May 2009 (5)
April 2009 (4)
March 2009 (4)
February 2009 (4)
January 2009 (5)
December 2008 (4)
November 2008 (5)
October 2008 (4)
September 2008 (5)
August 2008 (4)
July 2008 (3)
June 2008 (4)
May 2008 (5)
April 2008 (4)
March 2008 (5)
February 2008 (1)
Grace Notes

Current Articles | Categories | Search | Syndication

POVERTY, CONTRITION, AND TREMBLING
by Philip Owen

Yes, God intends for us to serve Him, but that service is not to consist of merely external actions, regardless of how impressive they might appear.  Through Isaiah, God explained to His people that, because He can do everything and anything, nothing we do is essential to Him in any way.  Our service does not aid Him so much as provide Him with an opportunity to bless us:  “The heaven is my throne, and the earth is my footstool:  where is the house that ye build for me?  and where is the place of my rest?” (66:1). What is human endeavor by comparison with the work of God?  Is He looking for a physical temple to dwell in?  Not ultimately.  He is looking for hearts in which to dwell.  “But to this man will I look, even to him that is poor and of a contrite spirit, and trembleth at my word” (Isa. 66:2).  In this verse, the Lord gives us a snapshot of the person who pleases Him.  That person possesses three qualities.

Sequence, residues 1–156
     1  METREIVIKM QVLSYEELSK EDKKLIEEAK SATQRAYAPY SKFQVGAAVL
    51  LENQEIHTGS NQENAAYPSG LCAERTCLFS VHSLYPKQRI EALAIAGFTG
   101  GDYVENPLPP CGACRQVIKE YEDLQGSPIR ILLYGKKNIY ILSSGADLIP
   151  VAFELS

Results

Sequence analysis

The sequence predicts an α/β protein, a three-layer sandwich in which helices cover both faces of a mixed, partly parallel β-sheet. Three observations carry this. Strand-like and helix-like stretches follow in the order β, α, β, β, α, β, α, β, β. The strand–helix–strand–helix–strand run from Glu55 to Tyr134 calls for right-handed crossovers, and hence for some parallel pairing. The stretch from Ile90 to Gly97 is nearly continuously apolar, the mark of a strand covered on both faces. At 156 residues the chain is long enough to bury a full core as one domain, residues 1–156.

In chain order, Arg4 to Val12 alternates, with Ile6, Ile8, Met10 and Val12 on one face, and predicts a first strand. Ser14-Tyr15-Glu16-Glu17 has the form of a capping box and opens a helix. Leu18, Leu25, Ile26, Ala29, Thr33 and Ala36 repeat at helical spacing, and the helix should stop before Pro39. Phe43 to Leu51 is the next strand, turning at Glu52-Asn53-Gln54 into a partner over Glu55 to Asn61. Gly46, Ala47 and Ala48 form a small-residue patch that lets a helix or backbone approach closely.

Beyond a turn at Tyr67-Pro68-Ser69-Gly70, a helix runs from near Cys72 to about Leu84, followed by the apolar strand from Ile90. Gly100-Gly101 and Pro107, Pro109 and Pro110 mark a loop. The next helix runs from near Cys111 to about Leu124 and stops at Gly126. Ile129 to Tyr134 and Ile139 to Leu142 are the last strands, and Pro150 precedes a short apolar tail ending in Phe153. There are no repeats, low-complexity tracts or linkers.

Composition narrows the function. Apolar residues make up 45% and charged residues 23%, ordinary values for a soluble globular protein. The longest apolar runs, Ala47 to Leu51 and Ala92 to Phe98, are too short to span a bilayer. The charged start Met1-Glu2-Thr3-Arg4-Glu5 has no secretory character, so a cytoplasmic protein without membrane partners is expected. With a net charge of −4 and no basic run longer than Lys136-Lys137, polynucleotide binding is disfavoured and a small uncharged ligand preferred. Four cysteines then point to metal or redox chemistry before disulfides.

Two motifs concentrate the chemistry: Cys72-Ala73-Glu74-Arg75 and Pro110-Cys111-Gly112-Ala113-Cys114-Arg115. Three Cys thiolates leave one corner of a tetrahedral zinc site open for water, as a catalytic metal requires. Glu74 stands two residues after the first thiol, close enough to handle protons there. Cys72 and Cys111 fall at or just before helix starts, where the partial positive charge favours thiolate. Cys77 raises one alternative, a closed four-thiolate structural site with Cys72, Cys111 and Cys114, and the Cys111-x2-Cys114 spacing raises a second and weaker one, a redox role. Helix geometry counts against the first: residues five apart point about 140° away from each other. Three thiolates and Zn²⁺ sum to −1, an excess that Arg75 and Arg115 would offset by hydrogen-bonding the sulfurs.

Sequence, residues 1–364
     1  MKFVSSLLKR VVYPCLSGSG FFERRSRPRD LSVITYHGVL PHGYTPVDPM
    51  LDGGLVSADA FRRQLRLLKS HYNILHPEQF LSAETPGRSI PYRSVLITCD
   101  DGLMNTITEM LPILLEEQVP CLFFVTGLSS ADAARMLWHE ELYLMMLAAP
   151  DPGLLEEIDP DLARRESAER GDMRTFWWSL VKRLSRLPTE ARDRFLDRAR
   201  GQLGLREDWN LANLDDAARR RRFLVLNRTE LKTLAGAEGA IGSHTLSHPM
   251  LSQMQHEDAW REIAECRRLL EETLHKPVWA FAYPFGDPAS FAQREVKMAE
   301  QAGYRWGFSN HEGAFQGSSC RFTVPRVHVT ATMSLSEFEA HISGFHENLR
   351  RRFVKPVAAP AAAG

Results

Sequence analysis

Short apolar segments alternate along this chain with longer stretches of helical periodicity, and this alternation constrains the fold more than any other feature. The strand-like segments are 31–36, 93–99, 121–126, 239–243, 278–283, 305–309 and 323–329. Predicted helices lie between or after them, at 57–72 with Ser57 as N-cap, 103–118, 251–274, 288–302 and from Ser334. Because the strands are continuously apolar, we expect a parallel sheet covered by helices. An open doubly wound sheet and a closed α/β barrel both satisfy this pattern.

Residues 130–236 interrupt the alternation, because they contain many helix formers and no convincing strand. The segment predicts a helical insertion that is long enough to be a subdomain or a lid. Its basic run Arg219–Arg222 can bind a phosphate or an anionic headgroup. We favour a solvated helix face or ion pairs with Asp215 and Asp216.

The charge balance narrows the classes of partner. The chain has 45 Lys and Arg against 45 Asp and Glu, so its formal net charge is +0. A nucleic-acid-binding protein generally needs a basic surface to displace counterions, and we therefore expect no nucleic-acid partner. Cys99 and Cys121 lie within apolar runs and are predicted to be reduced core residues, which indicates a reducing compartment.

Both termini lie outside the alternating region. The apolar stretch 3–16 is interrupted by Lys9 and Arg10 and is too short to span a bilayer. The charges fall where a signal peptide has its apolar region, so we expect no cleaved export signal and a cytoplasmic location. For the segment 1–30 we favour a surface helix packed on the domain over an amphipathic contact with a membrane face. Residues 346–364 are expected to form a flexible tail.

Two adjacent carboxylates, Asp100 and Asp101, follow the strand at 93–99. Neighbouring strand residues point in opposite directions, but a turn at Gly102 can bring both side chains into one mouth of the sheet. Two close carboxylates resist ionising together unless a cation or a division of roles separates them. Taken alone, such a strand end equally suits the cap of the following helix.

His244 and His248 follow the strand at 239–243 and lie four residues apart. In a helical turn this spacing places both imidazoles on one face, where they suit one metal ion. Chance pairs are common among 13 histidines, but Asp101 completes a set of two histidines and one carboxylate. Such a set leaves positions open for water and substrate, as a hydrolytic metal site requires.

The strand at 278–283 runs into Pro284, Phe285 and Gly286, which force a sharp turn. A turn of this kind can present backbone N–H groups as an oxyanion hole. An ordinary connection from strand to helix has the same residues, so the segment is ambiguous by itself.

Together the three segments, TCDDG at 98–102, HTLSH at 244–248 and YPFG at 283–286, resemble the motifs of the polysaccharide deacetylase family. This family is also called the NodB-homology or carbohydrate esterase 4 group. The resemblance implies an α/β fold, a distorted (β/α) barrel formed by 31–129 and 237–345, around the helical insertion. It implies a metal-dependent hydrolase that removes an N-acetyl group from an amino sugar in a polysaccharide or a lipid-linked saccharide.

He is poor, that is humble, in spirit.  There is no room in the kingdom of God for those who are impressed with themselves and want everyone around them to be impressed with them as well.  The man or woman to whom the Lord “will look” is one whose predominant characteristic is poverty of spirit.  Such an idea is alien to the twenty-first-century mind.  But believers are called to have the mind of God, not of their contemporaries.  Poverty of soul is the description given to those who recognize that they have nothing to offer God and that all that they are and have is the product of His beneficence toward them.  To be poor or humble in spirit is to depend wholly on the Lord and on His gracious supply.  It is to look in faith to the Lord for the supply of all our needs, for the direction for all our activities, and for the strength for all our service.  We are to be holy beggars, bringing nothing of ourselves with which to buy, barter, or bargain, but by faith resting in the gracious infinite generosity of our Lord.